Bite, Human



  • Third most common bite (after dogs and cats)
  • Most bites (up to 75%) occur during aggressive acts
  • 15–20% are related to sexual activity (love nips)
  • 2 types of bites:
    • Occlusional bites: Laceration or crush injury to affected body part:
      • Occurs when human teeth bite into the skin
      • More prone to infection than animal bites
    • Clenched-fist injuries (CFIs) (CFIs; most serious type): Present as small wounds over metacarpophalangeal joints in dominant hand (fight bites):
      • Sustained from a clenched fist striking the mouth and teeth of another person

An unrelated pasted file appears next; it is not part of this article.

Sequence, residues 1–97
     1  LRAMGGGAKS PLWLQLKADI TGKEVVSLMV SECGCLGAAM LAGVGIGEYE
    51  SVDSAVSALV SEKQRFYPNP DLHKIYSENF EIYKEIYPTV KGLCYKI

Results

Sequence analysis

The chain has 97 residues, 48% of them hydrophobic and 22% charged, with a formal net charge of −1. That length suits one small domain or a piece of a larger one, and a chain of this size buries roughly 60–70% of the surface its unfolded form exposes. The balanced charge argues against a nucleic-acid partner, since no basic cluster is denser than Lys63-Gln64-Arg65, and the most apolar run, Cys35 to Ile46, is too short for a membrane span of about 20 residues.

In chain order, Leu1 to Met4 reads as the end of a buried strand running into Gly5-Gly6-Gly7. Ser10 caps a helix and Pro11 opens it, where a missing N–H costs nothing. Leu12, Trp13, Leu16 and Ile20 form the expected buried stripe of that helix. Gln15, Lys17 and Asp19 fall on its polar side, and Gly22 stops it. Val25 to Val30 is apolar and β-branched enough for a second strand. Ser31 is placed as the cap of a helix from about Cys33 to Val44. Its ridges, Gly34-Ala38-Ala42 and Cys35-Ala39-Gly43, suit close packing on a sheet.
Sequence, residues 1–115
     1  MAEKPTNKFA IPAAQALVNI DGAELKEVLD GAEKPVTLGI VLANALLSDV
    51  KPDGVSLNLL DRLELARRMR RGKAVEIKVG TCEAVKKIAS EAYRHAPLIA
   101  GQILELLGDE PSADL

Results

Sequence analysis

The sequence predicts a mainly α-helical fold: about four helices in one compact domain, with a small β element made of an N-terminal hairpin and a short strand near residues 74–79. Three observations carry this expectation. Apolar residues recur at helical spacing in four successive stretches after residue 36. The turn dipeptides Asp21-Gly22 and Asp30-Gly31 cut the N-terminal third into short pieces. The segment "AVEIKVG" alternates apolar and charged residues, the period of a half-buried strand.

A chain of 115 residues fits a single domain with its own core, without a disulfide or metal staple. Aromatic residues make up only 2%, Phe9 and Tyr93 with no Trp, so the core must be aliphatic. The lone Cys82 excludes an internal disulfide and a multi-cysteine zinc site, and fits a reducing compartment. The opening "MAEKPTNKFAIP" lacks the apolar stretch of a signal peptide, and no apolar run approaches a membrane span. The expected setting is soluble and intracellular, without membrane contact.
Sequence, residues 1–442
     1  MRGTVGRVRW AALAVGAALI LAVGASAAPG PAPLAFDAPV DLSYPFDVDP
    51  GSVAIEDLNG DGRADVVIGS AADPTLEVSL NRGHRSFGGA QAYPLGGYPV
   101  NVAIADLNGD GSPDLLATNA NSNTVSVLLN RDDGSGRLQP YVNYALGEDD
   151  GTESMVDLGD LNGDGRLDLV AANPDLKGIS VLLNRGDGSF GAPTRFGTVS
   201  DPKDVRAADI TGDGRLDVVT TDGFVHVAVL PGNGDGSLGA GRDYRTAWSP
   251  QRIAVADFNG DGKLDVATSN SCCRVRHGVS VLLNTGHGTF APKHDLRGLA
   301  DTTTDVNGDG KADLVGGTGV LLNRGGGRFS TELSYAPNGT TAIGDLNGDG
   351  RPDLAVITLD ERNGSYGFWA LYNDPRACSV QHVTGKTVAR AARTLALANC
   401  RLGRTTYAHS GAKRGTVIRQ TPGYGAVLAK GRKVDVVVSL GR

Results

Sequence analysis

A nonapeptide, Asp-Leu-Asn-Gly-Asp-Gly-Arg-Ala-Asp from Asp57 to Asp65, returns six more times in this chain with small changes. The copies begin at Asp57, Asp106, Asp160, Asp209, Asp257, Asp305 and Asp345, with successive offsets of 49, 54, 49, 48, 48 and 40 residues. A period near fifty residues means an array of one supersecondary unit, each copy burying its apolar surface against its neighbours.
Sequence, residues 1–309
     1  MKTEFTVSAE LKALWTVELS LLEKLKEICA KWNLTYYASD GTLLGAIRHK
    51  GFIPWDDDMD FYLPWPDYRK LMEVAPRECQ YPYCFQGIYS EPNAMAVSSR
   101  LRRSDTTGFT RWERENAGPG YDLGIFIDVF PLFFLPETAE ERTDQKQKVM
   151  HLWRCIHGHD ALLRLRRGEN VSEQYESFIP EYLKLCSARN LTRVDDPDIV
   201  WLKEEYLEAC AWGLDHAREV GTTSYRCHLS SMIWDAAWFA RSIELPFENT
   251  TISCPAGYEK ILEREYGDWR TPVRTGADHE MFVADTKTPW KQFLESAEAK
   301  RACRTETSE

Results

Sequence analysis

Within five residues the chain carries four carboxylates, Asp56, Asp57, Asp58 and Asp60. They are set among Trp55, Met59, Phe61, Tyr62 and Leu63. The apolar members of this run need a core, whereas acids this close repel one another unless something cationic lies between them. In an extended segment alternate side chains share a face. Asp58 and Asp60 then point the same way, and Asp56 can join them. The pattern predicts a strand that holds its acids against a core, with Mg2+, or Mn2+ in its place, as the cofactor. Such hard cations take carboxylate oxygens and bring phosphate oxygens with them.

• With joint relaxation from the clenched position:
    • Puncture site sealed
    • Oral bacteria inoculated in the anaerobic setting within the joint
    • Bacterial inoculation carried by the tendons deeper into the potential spaces of the hand
    • Increases chances for a more extensive infection


  • Aerobic and anaerobic organisms:
    • Most common:
      • Streptococcus
      • Staphylococcus
    • Others:
      • Eikenella corrodens—exhibits synergism with Streptococcus, Staphylococcus aureus, Bacteroides, and gram-negative organisms
      • Haemophilus influenzae
      • Peptostreptococcus
      • Corynebacterium
  • Although rare, case reports of viral transmission via bites (hepatitis, HIV, and herpes)

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